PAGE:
PROSPECT — Kevin Keller has come a long way from his humble beginnings as a pole vaulter.

A man whose first vaulting pole was made out of bamboo and whose pit was filled with saw dust will be inducted on Jan. 24 into the The Ohio Association of Track and Cross Country Coaches Hall of Fame.

The induction will occur at the association’s annual hall of fame banquet at the Hilton at Easton in Columbus.

The other inductees for 2014 will be Wayne Clark, Gary White, Chuck Kyle, Angela Homan Thomas, John W. Scott, Bob Hollen and Doug Henwood.

Keller retired in 2012 as a science and physical education teacher at River Valley High School after 35 years of service. He is still the school’s girls track and golf coach.

He got his start in track and pole vaulting at age 7 behind his home on W. Water St. in Prospect and in a neighboring field along Farnum St.

“My start came in my back yard with my brothers Fred and Jeff,” Keller said. “We built a dirt runway, we dug a hole in the ground for a pit, and we built standards.

“Then a farmer (Bob Jones) donated some ground to us just down the street. We hauled in saw dust for the pit, and we had bamboo standards and a bamboo pole which I got from the hardware store up town.”

Keller was coached in those early years by his uncle Paul Keller and his father Charles Keller, who were both pole vaulters in the 1920s and 1930s for Prospect High School.

Kevin Keller took over as head boys track coach at River Valley in 1985. During the next 16 years, his teams were 88-14-1 in dual and triangular meets and won 47 major championships, including 10 Marion County titles, seven conference championships, and two Central District crowns.

He later served for several years as a track assistant at RV before taking over as girls coach in 2012.

While he was coaching, 39 school records were set and his athletes qualified for the state meet in 43 events. His pole vaulters qualified for the state 12 times, and in 2005 River Valley’s Bryan Chard won the Div. II state crown with a vault of 15 feet, 3 inches.

He had also helped coach Dan Schlitt of Marion Catholic, who went on to win a state vaulting title as well.

Even though he stood only 5-foot-8, Keller was able to win his own state title, the 1973 Class AA state pole vault championship while competing for Elgin High School with a state record of 14 feet, 5 3/4 inches. The second-place finisher was a foot and a half behind him.

A week later, Keller topped his previous mark by clearing 14-11 in the All-Ohio Track Classic at Mansfield.

A 1973 graduate of Elgin where he competed under the guidance of coaches Dale Kinsell, Don Bumgarner and Les McMillen, Keller’s prep pole vault mark is still a school record.

He continued his pole vaulting career at The Ohio State University and set a freshman record of 15 feet. He won numerous competitions including the Ohio State Relays, the Ohio State Indoor Invitational, and the Pittsburgh Invitational.

An All-Big Ten performer from 1975-77, he was selected team captain his senior year and was recognized as an OSU scholar athlete. He capped off his senior year by winning the prestigious Carmel Track Classic in Indiana by vaulting 16-6.

At his senior track banquet, OSU head coach Frank Zubovich presented Keller with the Frank R. Castleman Memorial Award which was given to the outstanding senior student for excellence in scholarship and leadership.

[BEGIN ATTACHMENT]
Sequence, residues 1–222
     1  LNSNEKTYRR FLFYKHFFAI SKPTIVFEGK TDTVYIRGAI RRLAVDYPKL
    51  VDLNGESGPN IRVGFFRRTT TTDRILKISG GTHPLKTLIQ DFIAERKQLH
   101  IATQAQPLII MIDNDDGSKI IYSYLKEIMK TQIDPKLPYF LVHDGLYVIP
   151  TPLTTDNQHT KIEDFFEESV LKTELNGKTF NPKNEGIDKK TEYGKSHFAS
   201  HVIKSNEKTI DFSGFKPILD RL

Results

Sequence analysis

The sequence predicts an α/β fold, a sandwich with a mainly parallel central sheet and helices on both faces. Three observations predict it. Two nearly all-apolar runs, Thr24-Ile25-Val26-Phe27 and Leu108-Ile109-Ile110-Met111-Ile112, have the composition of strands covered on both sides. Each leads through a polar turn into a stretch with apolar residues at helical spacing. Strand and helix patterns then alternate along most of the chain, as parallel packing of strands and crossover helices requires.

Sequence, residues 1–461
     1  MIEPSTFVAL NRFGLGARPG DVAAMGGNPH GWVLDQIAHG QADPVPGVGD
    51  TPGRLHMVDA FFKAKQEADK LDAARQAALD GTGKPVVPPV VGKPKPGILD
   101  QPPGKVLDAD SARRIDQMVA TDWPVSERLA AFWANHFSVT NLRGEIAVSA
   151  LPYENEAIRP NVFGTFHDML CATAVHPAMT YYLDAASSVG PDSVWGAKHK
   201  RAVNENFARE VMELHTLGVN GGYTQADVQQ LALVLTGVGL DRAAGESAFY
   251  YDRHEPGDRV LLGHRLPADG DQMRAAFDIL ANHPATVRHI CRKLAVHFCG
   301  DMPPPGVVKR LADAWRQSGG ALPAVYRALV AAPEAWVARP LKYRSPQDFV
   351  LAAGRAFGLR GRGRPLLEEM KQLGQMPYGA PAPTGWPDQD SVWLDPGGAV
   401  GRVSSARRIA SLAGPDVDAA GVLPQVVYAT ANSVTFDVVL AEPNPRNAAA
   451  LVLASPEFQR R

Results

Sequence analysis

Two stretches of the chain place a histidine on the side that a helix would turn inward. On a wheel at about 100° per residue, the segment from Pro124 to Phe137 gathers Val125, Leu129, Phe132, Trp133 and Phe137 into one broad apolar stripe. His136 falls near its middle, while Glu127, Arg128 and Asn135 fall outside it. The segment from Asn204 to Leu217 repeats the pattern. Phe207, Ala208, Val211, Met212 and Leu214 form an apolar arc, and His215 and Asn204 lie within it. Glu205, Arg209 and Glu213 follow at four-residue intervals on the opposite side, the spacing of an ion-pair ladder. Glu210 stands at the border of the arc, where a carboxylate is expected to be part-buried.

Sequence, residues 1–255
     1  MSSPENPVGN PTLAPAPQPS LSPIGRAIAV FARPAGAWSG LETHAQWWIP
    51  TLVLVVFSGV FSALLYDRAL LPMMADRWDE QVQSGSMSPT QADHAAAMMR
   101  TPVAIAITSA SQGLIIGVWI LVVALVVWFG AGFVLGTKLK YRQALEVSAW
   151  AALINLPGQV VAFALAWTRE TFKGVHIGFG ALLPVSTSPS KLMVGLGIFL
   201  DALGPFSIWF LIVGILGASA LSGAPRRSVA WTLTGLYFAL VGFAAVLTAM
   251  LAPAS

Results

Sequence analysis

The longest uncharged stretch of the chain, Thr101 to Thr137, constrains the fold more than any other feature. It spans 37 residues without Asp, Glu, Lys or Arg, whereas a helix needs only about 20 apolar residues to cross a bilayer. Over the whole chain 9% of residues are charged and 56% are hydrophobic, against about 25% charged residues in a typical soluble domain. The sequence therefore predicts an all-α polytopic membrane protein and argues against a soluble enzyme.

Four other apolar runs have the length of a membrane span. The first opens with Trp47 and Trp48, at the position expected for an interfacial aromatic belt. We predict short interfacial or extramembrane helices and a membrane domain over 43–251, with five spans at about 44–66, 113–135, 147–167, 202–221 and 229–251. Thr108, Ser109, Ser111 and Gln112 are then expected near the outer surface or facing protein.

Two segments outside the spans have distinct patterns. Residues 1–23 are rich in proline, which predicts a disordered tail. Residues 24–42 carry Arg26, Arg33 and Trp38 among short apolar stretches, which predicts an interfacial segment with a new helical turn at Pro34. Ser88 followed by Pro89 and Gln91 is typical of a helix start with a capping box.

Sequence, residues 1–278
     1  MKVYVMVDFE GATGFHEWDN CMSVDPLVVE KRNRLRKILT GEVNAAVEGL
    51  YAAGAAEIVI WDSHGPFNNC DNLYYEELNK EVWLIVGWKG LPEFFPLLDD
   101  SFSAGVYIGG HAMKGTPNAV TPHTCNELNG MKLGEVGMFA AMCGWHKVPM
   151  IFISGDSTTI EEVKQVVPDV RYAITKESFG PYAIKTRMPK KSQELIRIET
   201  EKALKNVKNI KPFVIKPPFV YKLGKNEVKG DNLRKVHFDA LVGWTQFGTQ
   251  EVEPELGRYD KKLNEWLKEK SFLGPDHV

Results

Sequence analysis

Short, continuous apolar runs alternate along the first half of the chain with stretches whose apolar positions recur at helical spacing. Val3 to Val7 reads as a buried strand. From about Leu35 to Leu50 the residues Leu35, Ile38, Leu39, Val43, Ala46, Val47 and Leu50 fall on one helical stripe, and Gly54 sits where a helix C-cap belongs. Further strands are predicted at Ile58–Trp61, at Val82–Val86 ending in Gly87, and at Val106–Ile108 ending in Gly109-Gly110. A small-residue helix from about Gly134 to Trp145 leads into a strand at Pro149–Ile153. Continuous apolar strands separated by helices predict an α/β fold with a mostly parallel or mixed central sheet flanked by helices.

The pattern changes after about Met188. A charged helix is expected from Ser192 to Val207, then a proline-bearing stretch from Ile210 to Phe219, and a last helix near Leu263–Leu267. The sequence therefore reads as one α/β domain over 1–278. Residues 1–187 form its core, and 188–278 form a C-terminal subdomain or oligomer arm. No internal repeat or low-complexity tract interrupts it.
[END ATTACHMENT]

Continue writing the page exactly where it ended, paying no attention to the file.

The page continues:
During his time at OSU, Keller was also coached by John T. (Terry) Green, a 1965 graduate of Marion Harding High School who also graduated from OSU in 1969 and from the OSU dental school in 1973.

“He would spend a couple of days each week at OSU teaching in the dental school, and he would also spend time coaching me in the vault and reviewing my pole vault videos,” Keller said.

After his graduation from Ohio State in 1977, Keller continued to compete nationally for coach Wayne T. Armbrust with the Ohio Track Club. He vaulted a career-best 17-1/4 in 1979 in the All-Ohio Meet in Dayton’s Welcome Stadium to set a stadium mark.

During his career, Keller competed in the national AAU indoor and outdoor championships. He placed in the top 10 twice in the National USA-TFA Championships in Wichita, Kans., and was selected to be the athlete representative on the national track governing council for USA-TFA.

He has been selected district track coach of the year several times, and in 1998 was the Ohio Track and Cross Country Coaches District 6 coach of the year. He has served as district coordinator for summer Junior Olympics track meets and has conducted pole vault clinics.

During the winter months, Keller coaches vaulters at the indoor Oak Creek Pole Vault Training Facility, located one mile east of Kilbourne.

Keller admitted he was surprised when notified of his impending induction, even though he knew there was a move to have him considered.

“It started a couple of years ago when I was sitting with my college roommate and good friend John Millisor,” Keller said. “John said he was going to get me into the hall, and he started the process of gathering and submitting information.

“When I got the letter from the association recently, I was completely surprised. I had kind of forgotten about it.”

Keller said he is the fifth person from Prospect to be inducted into the hall. Paul Keller (1926 Prospect grad, inducted 1982), Donald “Red” Emery (1923 Prospect grad, inducted 1969), Warren “Pete” Anson (1924 Prospect grad, inducted 1999), and John Jones (1969 Elgin grad, inducted 2001) are the others, he said.

In addition, Dave Kirk of Galion, a former Prospect resident and 2012 hall inductee, used to catch Keller’s pole at his homemade pit.

“This honor puts me in the company of some pretty elite athletes and coaches,” Keller said.




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